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Getting Relations RightGetting Relations Right

Getting Relations Right

Formed in the fall of 2015, the Right Relations Circle developed out of an energy in Calgary's Hillhurst United Church congregation for reconciliation and gathering. Spirituality, learning, awareness and co-participation are among the group’s tenets.

2 minute read
Getting Relations Right April 5, 2017  |  By Jennifer Neutel
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Helena Lamb’s interest to learn more about Indigenous people was sparked in 2013, when she saw the documentary We Were Children at a film festival.

The film centres on two residential school survivors.

“I just sobbed through the whole thing,” says Helena. “I could not believe this had happened in Canada, I had no idea about the residential schools and that was the beginning for me to learn more.”

She sees a similar spark with people who are part of a Right Relations Circle at Hillhurst United Church in Calgary.

“The more people learn, the more they want to know,” she says.

Helena volunteers as communication coordinator for the group, and says the interest is growing daily. She produces a newsletter to keep people informed of upcoming events.

Formed in the fall of 2015, the Right Relations Circle developed out of an energy in the congregation for reconciliation and gathering. Spirituality, learning, awareness and co-participation are among the group’s tenets.

The group is diverse in exposure, understanding and learning and is open to everyone. As part of the group’s purpose statement is they are “actively striving to live out the Truth and Reconciliation Commission’s Call to Action, and build respectful relationships with Aboriginal Peoples.”

“We found ourselves as a community, individuals and collective, opening our imaginations, our understanding, our heart wider and wider to questions about reconciliation and right relations,” says Rev. Dr. Danielle A. James, ministry lead for the group.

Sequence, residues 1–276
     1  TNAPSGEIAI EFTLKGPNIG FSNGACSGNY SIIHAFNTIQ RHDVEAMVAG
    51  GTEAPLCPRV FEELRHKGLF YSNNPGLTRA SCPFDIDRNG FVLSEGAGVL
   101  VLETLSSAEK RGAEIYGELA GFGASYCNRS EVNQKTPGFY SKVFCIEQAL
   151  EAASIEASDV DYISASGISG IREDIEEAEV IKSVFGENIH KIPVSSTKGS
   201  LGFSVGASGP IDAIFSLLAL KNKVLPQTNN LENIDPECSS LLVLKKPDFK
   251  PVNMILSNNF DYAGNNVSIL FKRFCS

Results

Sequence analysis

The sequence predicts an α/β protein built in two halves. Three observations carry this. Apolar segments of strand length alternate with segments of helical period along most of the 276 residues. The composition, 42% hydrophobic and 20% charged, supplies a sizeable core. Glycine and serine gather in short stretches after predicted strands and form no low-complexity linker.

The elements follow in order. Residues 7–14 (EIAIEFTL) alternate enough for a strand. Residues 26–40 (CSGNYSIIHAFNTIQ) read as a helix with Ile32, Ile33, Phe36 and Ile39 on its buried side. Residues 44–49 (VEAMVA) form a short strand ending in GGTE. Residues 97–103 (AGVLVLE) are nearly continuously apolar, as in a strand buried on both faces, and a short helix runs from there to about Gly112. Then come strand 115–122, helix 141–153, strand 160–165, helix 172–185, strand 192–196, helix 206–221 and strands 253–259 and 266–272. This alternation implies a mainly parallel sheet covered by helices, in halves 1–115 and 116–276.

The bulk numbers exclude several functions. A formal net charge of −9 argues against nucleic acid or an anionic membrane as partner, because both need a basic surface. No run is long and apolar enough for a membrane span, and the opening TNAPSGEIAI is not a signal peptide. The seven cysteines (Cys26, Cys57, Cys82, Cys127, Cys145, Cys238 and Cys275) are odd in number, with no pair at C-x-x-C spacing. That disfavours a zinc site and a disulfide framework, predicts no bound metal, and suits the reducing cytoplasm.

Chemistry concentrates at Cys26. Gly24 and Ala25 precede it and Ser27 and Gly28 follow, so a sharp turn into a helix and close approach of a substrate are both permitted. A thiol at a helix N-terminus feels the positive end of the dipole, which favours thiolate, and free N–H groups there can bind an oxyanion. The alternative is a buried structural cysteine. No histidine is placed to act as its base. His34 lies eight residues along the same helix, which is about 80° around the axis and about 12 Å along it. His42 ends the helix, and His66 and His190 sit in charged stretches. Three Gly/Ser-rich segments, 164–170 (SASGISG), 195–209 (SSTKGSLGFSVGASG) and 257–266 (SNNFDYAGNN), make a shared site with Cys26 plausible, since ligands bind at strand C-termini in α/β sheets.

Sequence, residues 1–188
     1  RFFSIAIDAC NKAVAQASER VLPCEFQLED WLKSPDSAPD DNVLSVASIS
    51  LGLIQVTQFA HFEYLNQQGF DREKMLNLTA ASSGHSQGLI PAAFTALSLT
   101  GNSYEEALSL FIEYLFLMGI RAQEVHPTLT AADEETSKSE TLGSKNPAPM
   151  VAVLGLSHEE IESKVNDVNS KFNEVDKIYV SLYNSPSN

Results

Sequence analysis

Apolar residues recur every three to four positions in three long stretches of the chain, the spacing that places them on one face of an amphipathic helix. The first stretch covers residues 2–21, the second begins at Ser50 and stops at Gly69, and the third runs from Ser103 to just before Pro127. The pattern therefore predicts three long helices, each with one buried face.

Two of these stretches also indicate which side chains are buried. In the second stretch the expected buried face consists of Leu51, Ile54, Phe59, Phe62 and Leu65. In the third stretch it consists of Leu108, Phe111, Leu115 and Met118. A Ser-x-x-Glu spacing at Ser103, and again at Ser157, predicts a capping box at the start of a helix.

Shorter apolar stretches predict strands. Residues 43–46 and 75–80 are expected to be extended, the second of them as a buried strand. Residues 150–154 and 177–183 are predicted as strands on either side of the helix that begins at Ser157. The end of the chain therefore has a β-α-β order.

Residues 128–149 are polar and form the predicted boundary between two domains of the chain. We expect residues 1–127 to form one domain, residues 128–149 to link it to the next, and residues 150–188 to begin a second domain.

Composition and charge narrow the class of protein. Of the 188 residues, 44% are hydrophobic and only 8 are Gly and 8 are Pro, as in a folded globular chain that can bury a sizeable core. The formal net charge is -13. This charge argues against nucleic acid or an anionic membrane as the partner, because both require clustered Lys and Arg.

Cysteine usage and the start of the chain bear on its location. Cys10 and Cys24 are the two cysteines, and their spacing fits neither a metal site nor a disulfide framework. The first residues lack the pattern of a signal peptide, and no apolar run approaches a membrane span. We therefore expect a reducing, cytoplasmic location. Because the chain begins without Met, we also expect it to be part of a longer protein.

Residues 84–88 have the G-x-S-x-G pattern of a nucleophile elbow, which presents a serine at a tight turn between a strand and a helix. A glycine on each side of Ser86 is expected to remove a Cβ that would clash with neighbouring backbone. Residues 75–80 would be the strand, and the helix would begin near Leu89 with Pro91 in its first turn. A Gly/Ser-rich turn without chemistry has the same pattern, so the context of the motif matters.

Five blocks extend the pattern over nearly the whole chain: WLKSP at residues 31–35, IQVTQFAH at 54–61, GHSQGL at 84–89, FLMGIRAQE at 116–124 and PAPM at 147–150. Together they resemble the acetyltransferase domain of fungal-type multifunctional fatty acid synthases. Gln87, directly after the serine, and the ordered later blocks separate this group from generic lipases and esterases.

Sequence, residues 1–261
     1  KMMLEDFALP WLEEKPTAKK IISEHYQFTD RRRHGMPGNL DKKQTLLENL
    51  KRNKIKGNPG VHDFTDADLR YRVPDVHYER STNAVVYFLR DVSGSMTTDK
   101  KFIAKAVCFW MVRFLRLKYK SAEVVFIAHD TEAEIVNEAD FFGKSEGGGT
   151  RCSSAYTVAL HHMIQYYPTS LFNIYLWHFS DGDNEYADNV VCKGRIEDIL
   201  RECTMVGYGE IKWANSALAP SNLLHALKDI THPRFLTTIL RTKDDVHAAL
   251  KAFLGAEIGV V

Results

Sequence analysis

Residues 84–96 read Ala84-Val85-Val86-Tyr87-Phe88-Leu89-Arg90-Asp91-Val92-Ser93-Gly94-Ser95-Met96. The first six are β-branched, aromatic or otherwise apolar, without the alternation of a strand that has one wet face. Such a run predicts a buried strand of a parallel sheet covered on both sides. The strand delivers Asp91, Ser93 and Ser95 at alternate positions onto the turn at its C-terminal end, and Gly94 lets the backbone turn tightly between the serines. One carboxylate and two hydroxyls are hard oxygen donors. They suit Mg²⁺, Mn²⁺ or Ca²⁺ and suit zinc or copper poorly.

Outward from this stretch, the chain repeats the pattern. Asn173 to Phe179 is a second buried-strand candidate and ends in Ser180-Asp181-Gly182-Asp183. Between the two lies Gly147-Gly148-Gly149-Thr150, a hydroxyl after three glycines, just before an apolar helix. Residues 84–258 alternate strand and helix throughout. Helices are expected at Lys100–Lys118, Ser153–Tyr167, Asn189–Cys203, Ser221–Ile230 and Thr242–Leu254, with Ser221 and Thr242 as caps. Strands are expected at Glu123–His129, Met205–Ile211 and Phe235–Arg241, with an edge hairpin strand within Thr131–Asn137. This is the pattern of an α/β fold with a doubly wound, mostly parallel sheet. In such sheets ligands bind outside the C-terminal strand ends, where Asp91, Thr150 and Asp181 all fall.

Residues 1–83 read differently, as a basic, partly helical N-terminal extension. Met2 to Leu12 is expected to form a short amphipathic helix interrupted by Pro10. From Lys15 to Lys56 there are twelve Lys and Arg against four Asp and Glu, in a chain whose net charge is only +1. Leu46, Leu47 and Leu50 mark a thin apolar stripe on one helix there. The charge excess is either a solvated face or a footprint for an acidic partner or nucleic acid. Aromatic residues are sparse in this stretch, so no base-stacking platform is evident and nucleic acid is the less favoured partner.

Danielle says she appreciates the organic way the group came together and the effort to practice the wisdom that Indigenous circles hold. There is no assigned chair, but what Danielle refers to as a “soft leadership circle” of about six people who meet every couple of months to discuss what questions are arising.

Helena has been impacted by the stories of Indigenous people through different gatherings.

“[Indigenous people] don’t seem to have any bitterness, they want to be understood and they have so much wisdom to share,” she says. “Every time I go to an event I feel like I’m opening up a whole new world.”

The group keeps a pulse on Indigenous cultural projects, events, ceremonies, plays, films and speakers happening in the city. A highlight was hosting a young filmmaker last November who showed some short films, says Helena, noting there is a hope to repeat that event at a larger venue.

The Right Relations Circle is looking for ways to continue learning and expanding, and is currently in the process of setting some goals. Part of the hope is “that we continue to build awareness and build the proverbial bridge of reconciliation while we’re walking on it,” Danielle says.

Hillhurst’s commitment to treaty relations is becoming ingrained. It is mentioned in the church’s weekly bulletin and there is often an acknowledgement of the land on Sunday mornings, notes Danielle.

Hillhurst stands in solidarity with all other communities of faith in Canada. “I can talk with Muslim and Jewish colleagues and other Christian ministers and we can be in solidarity that right relations is something to be united in for our common work,” she says.

On Feb. 19, the Right Relations Circle hosted the Blanket Exercise during Hillhurst’s two Sunday services. Upcoming possibilities for the circle includes planning a group trip to Blackfoot Crossing Historical Park, forming a book club and adding a right relations section in the church’s library.

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